The second Cedefop European skills and jobs survey (ESJS2) project was implemented during 2018-22. The concept and main English questionnaire was originally developed by Cedefop experts Konstantinos Pouliakas and Marco Serafini, with the support of the ESJS2 expert working group. The project’s contracting authority (KANTAR PUBLIC) provided support and expertise in developing, testing, and translating the second ESJS2, as well as carrying out the fieldwork in all countries and providing a first analysis and draft of the report.

Prior to launching the main survey, robust cognitive testing and a pilot survey were carried out. The cognitive testing took place in six countries (Germany, Ireland, Greece, Spain, France and Poland) between May and June 2020. Both survey modes, (computer assisted telephone interviewing (CATI) and computer assisted web interviewing (CAWI)), were tested on 180 participants (30 in each country), with the overall aim of determining the reliability and validity of the survey questions.

The master English questionnaire was then translated into national versions using a robust TRAPD methodology and translatability assessment.

A pilot survey (around 40 interviews per country) was conducted in all participating countries between 10-24 February 2021 as a dress rehearsal for the main survey.

The data of the ESJS2 were collected among adults aged 25-64 who are in wage and salary employment (i.e. paid employees, excluding those in self-employment and family workers), living in private households and whose usual place of residence is in a territory of each of the EU-27 Member States, Iceland and Norway. The main fieldwork took place between May and August 2021. A total of 46 213 interviews (both telephone and online) were conducted.

In all countries apart from Cyprus and Malta, a dual mode design (telephone and online) was implemented. In each country 500 respondents were sampled using a probabilistic telephone sample, except for Finland, Iceland and Norway where population registers were used. The telephone interviews were complemented by online interviews (CAWI) run by reliable panel providers using a quota methodology. In Cyprus and Malta, where the panels were not sufficiently representative of the underlying population, a single mode probabilistic telephone design was implemented.

The telephone survey was executed using mobile phones and landlines, both selecting a random sample from the population aged 25+ using the random digit dialling (RDD) technique. The probabilistic telephone sample surveyed for the ESJS2 ensures almost full coverage of the target population in all countries, with all phone owners/users having a non-zero probability of selection.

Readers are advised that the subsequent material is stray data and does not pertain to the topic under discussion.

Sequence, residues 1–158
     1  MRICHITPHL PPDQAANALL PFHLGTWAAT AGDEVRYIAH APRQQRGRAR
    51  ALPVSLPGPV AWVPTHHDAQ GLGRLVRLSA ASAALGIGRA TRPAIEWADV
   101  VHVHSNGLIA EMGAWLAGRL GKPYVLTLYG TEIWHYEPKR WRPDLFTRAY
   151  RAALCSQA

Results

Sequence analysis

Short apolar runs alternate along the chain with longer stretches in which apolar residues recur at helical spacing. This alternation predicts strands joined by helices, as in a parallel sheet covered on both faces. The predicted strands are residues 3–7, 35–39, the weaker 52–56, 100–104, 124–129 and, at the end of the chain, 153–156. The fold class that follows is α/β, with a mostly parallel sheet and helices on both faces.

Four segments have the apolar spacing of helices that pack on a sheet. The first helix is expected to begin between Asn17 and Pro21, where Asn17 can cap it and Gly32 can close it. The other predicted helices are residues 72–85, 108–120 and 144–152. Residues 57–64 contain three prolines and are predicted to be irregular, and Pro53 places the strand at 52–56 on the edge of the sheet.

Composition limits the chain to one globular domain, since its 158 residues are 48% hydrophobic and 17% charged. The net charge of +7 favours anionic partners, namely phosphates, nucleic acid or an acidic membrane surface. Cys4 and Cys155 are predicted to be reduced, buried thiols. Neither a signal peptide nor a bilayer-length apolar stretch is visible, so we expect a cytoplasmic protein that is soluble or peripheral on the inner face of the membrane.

For the non-probabilistic online sample, the majority of panellists were sourced from the Kantar LifePoints/ Profiles access panel. The top up sample of online panellists helps maximise the total sample size per country, ensuring representativity of the adult employee population in demographic and skills dimensions. Quotas based on the adult working population aged 25 and over were set based on the Eurostat labour force survey 2019; strong quotas based on gender, age and region in each country and flexible/monitoring quotas based on education (ISCED), occupation (ISCO) and sector (NACE).

Overall, 30 701 responses were collected via CAWI and 15 512 via the CATI mode. ESJS2 sample sizes range from a minimum of about 1 000 observations in some countries (e.g. Cyprus, Denmark, Iceland, Malta) to a high of over 3 000 respondents in Germany, Spain, France, Italy and Poland - an average of about 1 600 adult workers per country.

Weights were calculated independently for each survey mode before being combined for the final responding sample. The benchmark population data used to calibrate the final net samples was taken from the most recent European labour force survey data. The sample was weighted to match population data on gender by age, gender by educational attainment, gender by industry, gender by occupation and region. Targeted adjustments were applied to account for differences between the telephone and online samples mainly attributed to selection effects. The final weights are adjusted so that countries with larger eligible populations have more influence (weight) on the pan European survey estimates than those with small eligible populations, reflecting differences in population size.

More information about the ESJS2 sampling methodology is available at the ESJS2 sampling methodology report.


ESJS2 questionnaire